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I count the beats as 1 o let, 2 o let, 3 o let, instead of 123456789. For the duplets, I count them as 1 o and let, with a very fast 'and'. I am now on the un poco mosso section and don't know the best way to count the sixteenth triplet notes. I usually count this rhythm as bid-a-lee did-a-lee. Any suggestions?

Un poco mosso bass

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  • What's the problem with what you're currently doing?
    – Aaron
    Jan 10, 2023 at 19:17

3 Answers 3

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The thing about groups of six is that they could be thought of as "3 + 3" or as "2 + 2 + 2." In this case, since we're in a compound meter, it's mainly (or "officially") "2 + 2 + 2." That is, the dotted-quarter beat is divided into three eighth notes, and we've now divided each of those in half.

You can use whatever syllabic mnemonic you want to vocalize this, but perhaps something in three groups of two, like "Dee-dle ee-dle ee-dle", instead of "bid-a-lee did-a-lee", which sounds like two groups of three.

That said, as long as you know what you're doing, you can intentionally subvert the subdivision by bringing out the 4th note of each group every now and then if you want to, creating a sense of two groups of three, and Debussy would probably appreciate it. But that's not about understanding the rhythm, it's about articulation and phrasing.

(Also, as Lazy said, at performance speed there's no way you can say any of this out loud. These vocalizations would just be for your aid in understanding the rhythm, at much slower speeds.)

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  • They should be played 3+3 in this piece to create a sense of floating.
    – Aaron
    Jan 10, 2023 at 18:54
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The sextuplets should be counted 3+3 in this piece. At a slow (i.e., practice) speed, I might could them as 6 sixteenth-note triplets (1 o let, 2 o let, etc...).

Debussy (see @Lazy's answer) performs them very rapidly and without accent — "true" sextuplets, so to speak (IMO, "the right way"). But most performers interpret them as double-triplets. As a sampling:

Debussy is going for one of two effects here.

  1. As Debussy plays it, the melody sounds like three primary beats subdivided into triplets with a glissando-like accompaniment. That is to say, the accompaniment itself isn't subdivided into pulses. The gestures feel quite sweeping in this way, with a great deal of motion.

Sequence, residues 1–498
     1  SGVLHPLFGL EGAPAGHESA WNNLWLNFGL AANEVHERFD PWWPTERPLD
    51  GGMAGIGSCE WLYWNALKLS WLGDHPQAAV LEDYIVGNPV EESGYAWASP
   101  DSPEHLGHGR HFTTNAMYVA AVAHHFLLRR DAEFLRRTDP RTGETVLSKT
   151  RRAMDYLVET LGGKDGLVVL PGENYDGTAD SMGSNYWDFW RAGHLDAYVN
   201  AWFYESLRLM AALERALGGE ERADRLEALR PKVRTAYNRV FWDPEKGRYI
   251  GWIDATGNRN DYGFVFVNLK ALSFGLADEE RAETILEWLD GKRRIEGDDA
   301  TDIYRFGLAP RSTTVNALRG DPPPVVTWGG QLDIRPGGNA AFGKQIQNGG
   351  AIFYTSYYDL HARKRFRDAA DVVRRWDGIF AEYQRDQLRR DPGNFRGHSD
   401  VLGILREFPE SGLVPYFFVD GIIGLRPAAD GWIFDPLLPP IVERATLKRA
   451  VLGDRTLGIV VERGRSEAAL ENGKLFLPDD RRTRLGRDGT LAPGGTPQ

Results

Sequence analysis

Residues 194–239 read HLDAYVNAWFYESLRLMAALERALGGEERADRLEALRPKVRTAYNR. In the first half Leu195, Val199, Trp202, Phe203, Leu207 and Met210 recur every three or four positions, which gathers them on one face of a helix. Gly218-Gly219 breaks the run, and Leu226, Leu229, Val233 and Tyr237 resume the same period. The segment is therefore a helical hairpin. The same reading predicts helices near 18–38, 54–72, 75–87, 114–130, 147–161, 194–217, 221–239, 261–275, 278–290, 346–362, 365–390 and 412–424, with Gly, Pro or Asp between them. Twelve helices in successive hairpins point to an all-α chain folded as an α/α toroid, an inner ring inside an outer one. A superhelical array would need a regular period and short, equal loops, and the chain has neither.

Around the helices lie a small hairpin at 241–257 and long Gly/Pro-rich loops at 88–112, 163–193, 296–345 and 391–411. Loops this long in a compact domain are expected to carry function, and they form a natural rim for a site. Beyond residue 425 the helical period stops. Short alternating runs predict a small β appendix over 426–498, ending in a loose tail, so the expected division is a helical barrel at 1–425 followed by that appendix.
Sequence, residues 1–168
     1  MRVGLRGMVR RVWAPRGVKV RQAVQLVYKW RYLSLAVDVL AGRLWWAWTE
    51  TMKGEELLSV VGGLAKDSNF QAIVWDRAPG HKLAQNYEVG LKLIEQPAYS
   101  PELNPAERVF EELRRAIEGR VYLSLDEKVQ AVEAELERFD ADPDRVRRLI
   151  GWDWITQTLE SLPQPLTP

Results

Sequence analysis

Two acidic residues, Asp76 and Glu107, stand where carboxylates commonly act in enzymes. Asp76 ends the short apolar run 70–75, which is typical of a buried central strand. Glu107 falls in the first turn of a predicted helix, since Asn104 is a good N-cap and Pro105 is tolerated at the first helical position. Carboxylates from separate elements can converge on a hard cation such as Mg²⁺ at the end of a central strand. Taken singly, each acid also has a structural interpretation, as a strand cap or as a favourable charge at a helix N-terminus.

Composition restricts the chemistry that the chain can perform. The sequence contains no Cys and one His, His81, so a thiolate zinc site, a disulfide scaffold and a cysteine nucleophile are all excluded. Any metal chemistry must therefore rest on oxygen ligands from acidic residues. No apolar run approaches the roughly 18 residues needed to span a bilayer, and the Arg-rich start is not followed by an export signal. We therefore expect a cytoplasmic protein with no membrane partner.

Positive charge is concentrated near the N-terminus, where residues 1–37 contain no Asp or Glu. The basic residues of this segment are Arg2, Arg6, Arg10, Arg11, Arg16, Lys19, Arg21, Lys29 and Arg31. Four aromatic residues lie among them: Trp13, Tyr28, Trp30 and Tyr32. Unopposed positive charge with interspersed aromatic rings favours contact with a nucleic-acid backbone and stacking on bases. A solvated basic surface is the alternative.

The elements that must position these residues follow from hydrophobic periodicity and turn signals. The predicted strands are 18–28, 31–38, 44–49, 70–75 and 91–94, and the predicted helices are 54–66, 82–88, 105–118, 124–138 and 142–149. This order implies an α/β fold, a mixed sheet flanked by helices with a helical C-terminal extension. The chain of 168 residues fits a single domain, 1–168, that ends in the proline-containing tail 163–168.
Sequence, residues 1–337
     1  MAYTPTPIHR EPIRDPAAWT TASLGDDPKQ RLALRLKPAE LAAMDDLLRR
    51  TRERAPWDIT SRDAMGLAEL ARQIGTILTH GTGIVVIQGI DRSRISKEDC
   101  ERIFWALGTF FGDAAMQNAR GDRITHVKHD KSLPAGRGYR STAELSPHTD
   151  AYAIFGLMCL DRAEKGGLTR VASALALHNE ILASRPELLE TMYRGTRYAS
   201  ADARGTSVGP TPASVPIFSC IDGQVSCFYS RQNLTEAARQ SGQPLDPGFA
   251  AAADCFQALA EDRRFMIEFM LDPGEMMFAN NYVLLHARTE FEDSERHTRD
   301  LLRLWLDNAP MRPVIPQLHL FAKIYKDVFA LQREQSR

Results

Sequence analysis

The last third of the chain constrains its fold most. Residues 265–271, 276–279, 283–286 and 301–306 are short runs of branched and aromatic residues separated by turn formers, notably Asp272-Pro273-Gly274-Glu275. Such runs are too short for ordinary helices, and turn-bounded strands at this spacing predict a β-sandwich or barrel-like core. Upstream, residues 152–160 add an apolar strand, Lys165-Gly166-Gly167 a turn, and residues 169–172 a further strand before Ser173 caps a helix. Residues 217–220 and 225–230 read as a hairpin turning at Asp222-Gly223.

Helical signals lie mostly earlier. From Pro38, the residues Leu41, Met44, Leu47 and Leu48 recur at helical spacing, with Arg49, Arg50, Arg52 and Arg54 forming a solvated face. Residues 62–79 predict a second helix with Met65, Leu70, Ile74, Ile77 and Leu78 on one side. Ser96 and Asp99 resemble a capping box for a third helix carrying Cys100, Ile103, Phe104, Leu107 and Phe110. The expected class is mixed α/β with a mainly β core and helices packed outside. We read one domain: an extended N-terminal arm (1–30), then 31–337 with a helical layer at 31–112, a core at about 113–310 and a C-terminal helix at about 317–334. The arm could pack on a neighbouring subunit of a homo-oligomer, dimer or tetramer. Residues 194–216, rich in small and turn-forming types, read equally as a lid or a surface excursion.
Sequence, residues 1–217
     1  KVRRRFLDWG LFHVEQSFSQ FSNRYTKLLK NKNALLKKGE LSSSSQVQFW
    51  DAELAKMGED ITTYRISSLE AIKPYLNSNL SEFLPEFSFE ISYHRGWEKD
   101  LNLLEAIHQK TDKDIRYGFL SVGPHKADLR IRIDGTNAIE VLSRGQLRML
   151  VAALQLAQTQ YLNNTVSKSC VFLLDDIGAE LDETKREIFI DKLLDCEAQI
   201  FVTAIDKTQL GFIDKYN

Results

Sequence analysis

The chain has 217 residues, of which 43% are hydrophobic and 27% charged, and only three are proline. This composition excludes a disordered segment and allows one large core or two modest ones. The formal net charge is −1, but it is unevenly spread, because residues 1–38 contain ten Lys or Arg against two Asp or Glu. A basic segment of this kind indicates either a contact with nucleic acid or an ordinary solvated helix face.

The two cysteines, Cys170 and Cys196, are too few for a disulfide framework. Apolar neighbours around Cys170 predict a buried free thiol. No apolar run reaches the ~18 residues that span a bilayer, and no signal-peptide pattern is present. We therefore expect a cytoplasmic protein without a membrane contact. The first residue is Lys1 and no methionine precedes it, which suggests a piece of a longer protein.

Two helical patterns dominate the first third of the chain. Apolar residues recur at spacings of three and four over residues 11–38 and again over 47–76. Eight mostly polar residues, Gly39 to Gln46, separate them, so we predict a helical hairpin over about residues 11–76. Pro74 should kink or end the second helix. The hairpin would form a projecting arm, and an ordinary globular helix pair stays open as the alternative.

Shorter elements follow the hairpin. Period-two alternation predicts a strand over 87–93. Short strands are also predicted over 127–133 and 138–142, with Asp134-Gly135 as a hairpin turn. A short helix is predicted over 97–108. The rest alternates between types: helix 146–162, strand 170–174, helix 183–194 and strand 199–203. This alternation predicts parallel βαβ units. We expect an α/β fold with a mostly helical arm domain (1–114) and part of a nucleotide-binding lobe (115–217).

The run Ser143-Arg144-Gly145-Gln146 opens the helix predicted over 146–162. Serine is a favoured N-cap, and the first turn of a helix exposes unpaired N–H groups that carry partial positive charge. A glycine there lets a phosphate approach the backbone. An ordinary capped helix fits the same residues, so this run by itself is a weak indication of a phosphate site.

2. As it is more often played, the melody is played as though each beat is subdivided into triplets, and the accompaniment is played as though the half-beat is subdivided into triplets. The hemiola effect gives the music its floating, dreamy quality.
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  • I find Debussy’s own playing quite revealing. It shows us that what he goes for in Clair De Lune is far less floaty, dreamy and romanticized than what people take it to be. We see this from Debussy’s own version taking 1-1.5 minutes less than the versions you linked. But I find that all of these do this middle section similar to Debussy in that regard, just slower (keeping the hand brake on).
    – Lazy
    Jan 11, 2023 at 5:57
  • @Lazy - I listened to that recording, and it gave me the distinct impression that perhaps Debussy was as poor an interpreter of his own piano works as George Gershwin was of his (e.g. Gershwin's Rialto Ripples thankfully had its accompaniment edited in its non-piano-roll version - Gershwin's own piano roll accompaniment is kinda a mess).
    – Dekkadeci
    Jan 11, 2023 at 6:46
  • @Dekkadeci I do not know these, so I cannot comment on it. It is of course an old debate if a composer is good at performing his own pieces. There has been a blind test with I think Stravinsky recordings where the jury voted the recordings conducted by Stravinsky to fit the composers intentions the least. But Debussy was a remarkable pianist of his time, and his piano rolls do not sound bad, but he plays very differently to what we’re used to.
    – Lazy
    Jan 11, 2023 at 7:55
  • @Dekkadeci We think of Debussy as romantic, dreamy, slight rubato, lots of pedal. But if you listen to Debussy (or even just look at the actual scores) you see that what Debussy had in mind was often quite articulate, expressive, with heavily inegal tempo, even speeding up or slowing down sections as he goes along, with very sophisticated use of pedal (Debussy experimented a lot with half pedaling and such). Personally I need to say I really enjoy Debussy’s own interpretation of his works. It is not what we’re used to, but it makes sense, and it’s great.
    – Lazy
    Jan 11, 2023 at 7:58
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I think this stuff is bit to fast to count out. This more or less turns into a prolonged wall of sound, with not accents except for the bass notes. The sixteenths should run smooth and equally. Checkout Debussy’s own playing for reference:

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